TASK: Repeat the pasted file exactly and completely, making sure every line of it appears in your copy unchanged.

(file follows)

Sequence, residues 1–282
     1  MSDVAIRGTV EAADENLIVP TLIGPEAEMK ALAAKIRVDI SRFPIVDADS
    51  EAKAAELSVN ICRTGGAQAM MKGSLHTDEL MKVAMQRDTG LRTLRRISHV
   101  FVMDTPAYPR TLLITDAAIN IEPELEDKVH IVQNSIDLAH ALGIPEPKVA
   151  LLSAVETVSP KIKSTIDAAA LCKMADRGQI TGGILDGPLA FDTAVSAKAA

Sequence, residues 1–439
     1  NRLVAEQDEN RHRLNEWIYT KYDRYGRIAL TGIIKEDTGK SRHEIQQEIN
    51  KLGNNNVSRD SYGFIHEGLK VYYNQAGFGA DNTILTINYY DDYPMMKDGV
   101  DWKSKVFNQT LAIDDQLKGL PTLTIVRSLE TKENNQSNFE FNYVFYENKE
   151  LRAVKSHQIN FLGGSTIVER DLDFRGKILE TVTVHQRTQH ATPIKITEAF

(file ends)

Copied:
Sequence, residues 1–282
     1  MSDVAIRGTV EAADENLIVP TLIGPEAEMK ALAAKIRVDI SRFPIVDADS
    51  EAKAAELSVN ICRTGGAQAM MKGSLHTDEL MKVAMQRDTG LRTLRRISHV
   101  FVMDTPAYPR TLLITDAAIN IEPELEDKVH IVQNSIDLAH ALGIPEPKVA
   151  LLSAVETVSP KIKSTIDAAA LCKMADRGQI TGGILDGPLA FDTAVSAKAA

Sequence, residues 1–439
     1  NRLVAEQDEN RHRLNEWIYT KYDRYGRIAL TGIIKEDTGK SRHEIQQEIN
    51  KLGNNNVSRD SYGFIHEGLK VYYNQAGFGA DNTILTINYY DDYPMMKDGV
   101  DWKSKVFNQT LAIDDQLKGL PTLTIVRSLE TKENNQSNFE FNYVFYENKE
   151  LRAVKSHQIN FLGGSTIVER DLDFRGKILE TVTVHQRTQH ATPIKITEAF